The fiction that everybody is academically "advanced" has led to a widely recognized nationwide deterioration in advanced placement courses. Prompted by concerns that AP's "rapid growth" as a class for "everyone" has "diluted its quality" and lowered standards, the College Board conducted a "first ever audit" of the program and the classes that schools have lately been labeling "advanced placement." The immediate fallout has been a sharp decline in the number of high schools offering AP courses, with some voluntarily withdrawing and others rejected outright by an AP review board.
Mr. Mathews' final tip to parents is to choose a school that makes you "happy." That way your children will be "in a mood to learn." Unfortunately, as long as learning and study depend on being "in the mood," no school will ever be the right one.
For some experts high-sounding, watered-down academics aren't the hallmark of a good school. These advocates are more excited about high-sounding, non-academics. NEAToday recently spotlighted "exercise guru" Richard Simmons's "crusade" in support of a federal statute requiring more recess and phys ed. Mr. Simmons complains that No Child Left Behind's "insistent focus on reading and math" has "left our children’s behinds behind." In the same vein, since principals evidently have nothing else to do, a 2006 federal regulation now requires schools to file "health and wellness policies" detailing "goals for any food served," including "improvement plans" for lunches, class parties, and snacks. Meanwhile, other more psychologically-oriented specialists demand classroom instruction in "empathy" and "stress management" on the grounds that they’re "equally important as math, science, and English."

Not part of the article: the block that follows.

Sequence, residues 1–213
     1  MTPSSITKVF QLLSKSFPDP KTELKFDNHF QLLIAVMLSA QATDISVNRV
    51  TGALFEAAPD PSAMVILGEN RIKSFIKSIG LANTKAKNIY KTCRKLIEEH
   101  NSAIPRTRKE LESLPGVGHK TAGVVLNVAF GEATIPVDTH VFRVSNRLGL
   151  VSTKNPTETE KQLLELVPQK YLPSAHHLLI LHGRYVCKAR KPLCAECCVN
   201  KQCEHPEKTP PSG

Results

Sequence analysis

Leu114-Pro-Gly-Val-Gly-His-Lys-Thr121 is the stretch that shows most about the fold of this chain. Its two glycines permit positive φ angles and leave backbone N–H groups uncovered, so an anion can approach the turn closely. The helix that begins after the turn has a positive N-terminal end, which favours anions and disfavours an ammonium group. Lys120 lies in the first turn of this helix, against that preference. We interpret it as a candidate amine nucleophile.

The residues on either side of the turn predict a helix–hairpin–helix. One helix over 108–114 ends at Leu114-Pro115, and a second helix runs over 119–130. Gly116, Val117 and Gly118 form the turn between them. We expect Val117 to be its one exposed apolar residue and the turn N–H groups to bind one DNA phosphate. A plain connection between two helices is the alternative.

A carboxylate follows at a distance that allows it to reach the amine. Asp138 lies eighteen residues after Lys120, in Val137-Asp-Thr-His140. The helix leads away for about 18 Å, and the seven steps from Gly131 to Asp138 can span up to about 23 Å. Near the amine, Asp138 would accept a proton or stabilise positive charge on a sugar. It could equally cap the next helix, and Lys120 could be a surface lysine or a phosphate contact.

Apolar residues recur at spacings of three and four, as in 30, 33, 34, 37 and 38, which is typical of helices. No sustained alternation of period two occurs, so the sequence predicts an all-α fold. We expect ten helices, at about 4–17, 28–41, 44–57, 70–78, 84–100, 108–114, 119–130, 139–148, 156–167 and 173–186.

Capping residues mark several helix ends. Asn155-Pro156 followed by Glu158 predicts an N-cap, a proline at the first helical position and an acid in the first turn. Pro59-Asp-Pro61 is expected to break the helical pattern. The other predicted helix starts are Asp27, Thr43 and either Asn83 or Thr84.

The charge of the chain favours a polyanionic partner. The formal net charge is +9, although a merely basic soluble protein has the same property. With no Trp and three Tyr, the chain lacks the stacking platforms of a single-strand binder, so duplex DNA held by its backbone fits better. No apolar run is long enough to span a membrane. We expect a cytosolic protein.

Does anybody remember why we send kids to school?
On the brave new world front, the Partnership for the 21st Century is lobbying for schools that prepare American kids for their "globalized futures." According to activists, "students often complain that the subjects they study in school don't give them the skills they need in the real world." This finding, based on adolescents' vast experience with the real world, blames teachers who "aren’t equipped to educate students in the digital age," which apparently won't require reading, writing, or knowing anything that happened before the birth of PowerPoint.
In an unparalleled display of pure altruism, silicon giants Dell, Cisco Systems, and Apple have volunteered to meet the crisis by introducing even more technology into schools. Education consultants and associations are doing their part, too, by providing an ample supply of twenty-first century clichés. By the time the Partnership is finished saving public education, American kids will be ready to "compete in the global economy" as schools "weave real-world lessons" into the outdated "core subjects on which they are now so intensely focused." The new focus will feature "musts" like "global awareness" and "health and financial literacy," along with those classes in empathy and stress management.
Naturally, that'll be AP empathy.
© 2008, Peter Berger.
Peter Berger teaches English in Weathersfield, Vermont. Poor Elijah would be pleased to answer letters addressed to him in care of the editor.
The Irascible Professor comments: While the IP is in agreement with most of Poor Elijah's observations, he does believe that physical education has received short shrift of late. Too many of today's K-12 students and college students have become couch potatoes whose physical condition has become a threat to their health.